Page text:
Coping with Cancer and my feelings.

Image by mohamed Hassan from Pixabay

This past year, the ‘C’ word on everyone’s lips has been Covid. It has consumed our minds and taken over our lives in ways that no-one could have anticipated. But before this dramatic global upheaval, the ‘C’ word meant something very different. And for many people, it remains so. Cancer has not gone away. It still steals our loved ones from us too soon. Unfortunately, in the wake of the Coronavirus, it has slipped a step in our priorities. You might ask what my purpose is in drawing your attention back to the terrible issue of cancer when we’re still in the throes of coping with Covid-19. The reason is that it is still one of the biggest killers in the world. At the moment, people with cancer are having to cope not only with a horrendous diagnosis but also with the fear and loneliness that the pandemic has created. Coping with cancer and our feelings about it has never been more important.

There have been studies conducted to follow the trend of cancer diagnosis and treatments since the start of the pandemic and it’s worrying. ‘Britain’s Cancer Crisis’, which aired on BBC One in early July 2020, follows the stories of several people living with cancer during the pandemic. The show highlights the shocking and horrific reality of how the pandemic is affecting people with cancer across the UK. Delayed diagnoses and cancelled treatments will potentially cause between 7,000 and 18,000 additional deaths from the disease in the most likely scenario over the coming year. The deaths from cancer are already heartbreakingly high at around 165,000 per year in the UK and around 606,880 per year in the US. (The numbers vary so largely due to the vast difference in population size).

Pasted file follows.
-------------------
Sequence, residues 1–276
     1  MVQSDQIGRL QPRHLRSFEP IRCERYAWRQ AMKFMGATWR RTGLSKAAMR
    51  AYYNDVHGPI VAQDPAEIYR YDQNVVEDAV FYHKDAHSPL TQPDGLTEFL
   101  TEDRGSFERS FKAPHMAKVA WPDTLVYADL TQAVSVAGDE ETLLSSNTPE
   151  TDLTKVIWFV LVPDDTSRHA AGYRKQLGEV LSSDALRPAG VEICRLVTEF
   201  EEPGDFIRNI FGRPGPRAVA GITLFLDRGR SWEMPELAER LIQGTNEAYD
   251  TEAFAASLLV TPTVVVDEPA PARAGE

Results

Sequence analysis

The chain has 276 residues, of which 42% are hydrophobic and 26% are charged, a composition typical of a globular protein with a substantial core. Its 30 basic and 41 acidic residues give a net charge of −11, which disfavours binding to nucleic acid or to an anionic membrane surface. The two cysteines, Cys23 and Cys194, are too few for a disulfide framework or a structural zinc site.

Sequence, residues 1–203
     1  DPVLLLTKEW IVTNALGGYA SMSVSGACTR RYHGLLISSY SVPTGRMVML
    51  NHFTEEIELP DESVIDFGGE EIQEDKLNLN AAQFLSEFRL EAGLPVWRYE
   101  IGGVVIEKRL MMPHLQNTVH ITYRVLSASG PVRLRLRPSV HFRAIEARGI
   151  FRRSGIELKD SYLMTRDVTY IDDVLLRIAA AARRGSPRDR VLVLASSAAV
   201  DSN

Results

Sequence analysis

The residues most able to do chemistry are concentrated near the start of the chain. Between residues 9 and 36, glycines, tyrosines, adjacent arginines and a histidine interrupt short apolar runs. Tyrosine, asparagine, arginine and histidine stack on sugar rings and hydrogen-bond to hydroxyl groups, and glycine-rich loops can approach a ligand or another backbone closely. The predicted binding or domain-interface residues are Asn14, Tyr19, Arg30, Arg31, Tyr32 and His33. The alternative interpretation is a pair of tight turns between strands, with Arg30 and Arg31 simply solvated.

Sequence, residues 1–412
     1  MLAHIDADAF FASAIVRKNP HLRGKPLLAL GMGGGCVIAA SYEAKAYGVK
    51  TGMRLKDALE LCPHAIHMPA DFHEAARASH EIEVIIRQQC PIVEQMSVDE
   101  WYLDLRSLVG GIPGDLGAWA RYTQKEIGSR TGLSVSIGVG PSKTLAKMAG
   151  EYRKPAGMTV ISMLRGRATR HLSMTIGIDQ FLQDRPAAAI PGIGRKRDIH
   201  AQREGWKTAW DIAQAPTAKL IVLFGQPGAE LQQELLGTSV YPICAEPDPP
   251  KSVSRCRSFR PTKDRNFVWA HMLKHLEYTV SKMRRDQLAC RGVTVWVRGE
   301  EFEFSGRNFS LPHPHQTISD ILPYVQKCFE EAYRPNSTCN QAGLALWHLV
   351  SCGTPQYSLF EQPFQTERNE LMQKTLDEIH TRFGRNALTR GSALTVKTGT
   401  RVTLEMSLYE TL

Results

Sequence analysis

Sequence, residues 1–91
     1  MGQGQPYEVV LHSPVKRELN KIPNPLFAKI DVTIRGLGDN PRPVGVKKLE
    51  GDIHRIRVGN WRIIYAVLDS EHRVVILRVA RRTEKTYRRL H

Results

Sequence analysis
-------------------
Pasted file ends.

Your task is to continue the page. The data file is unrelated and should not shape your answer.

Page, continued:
So why am I telling you all this?

It’s certainly not to depress or scare you, and I apologise if that has been the result. No. I’m drawing your attention to this information because it’s important. We need not only to be aware of our own bodies but of the people around us who may be struggling. You may already have someone in your life who is enduring the difficult battle with cancer. Or you may be that person yourself. Either way, it is a painful and challenging time that requires immense strength. Coping with cancer, and your feelings, as a result, will help you face it with greater strength still. We must learn to face life’s challenges with dignity and an inner might that only shows itself when we accept what we are facing. Coping with cancer begins with what we are feeling, owning it, accepting those feelings, and leaning into others for support.

Speaking from experience

I don’t know anyone right now who is coping with cancer, and for that, I am very grateful. But I have been that person who has watched from the side-lines as someone they know battles it so bravely. My lovely Grandpa and my wonderful Dad were both taken by cancer within four years of each other. Between the ages of 14 and 18, my life was shadowed by uncertainty with hope and despair fighting each other for victory in our lives. I was very close with both my Dad and Grandpa and miss them still, all these years later. At the time, in the early stages, I don’t remember thinking about the true implications of a cancer diagnosis too much.

I’ve always been a ‘let’s just get on with it’ type of person, plus I was a teenager with lots to deal with in many areas of my life. But towards the end, when different services were brought in to help and people were coming around to support us, I entered into a state of numbness. I didn’t know what to feel or how to hope anymore. Looking back, this ‘state’ lasted for years. A low-level functioning that allowed me to survive, but not really live. Grief takes so much from us.

dealing with grief. feelings. help. help with my feelings. coping with grief.
Image by Anja🤗#helpinghands #solidarity#stays healthy🙏 from Pixabay

Your feelings are important

Expressing emotions and feelings has never come easily to me. Especially when I’m feeling vulnerable. I would drive my Mum crazy by keeping my troubles to myself. The result was usually me becoming extremely reclusive and easily upset which would invariably end in some sort of argument. If I’d been better at dealing with how I felt, this would probably have been avoided.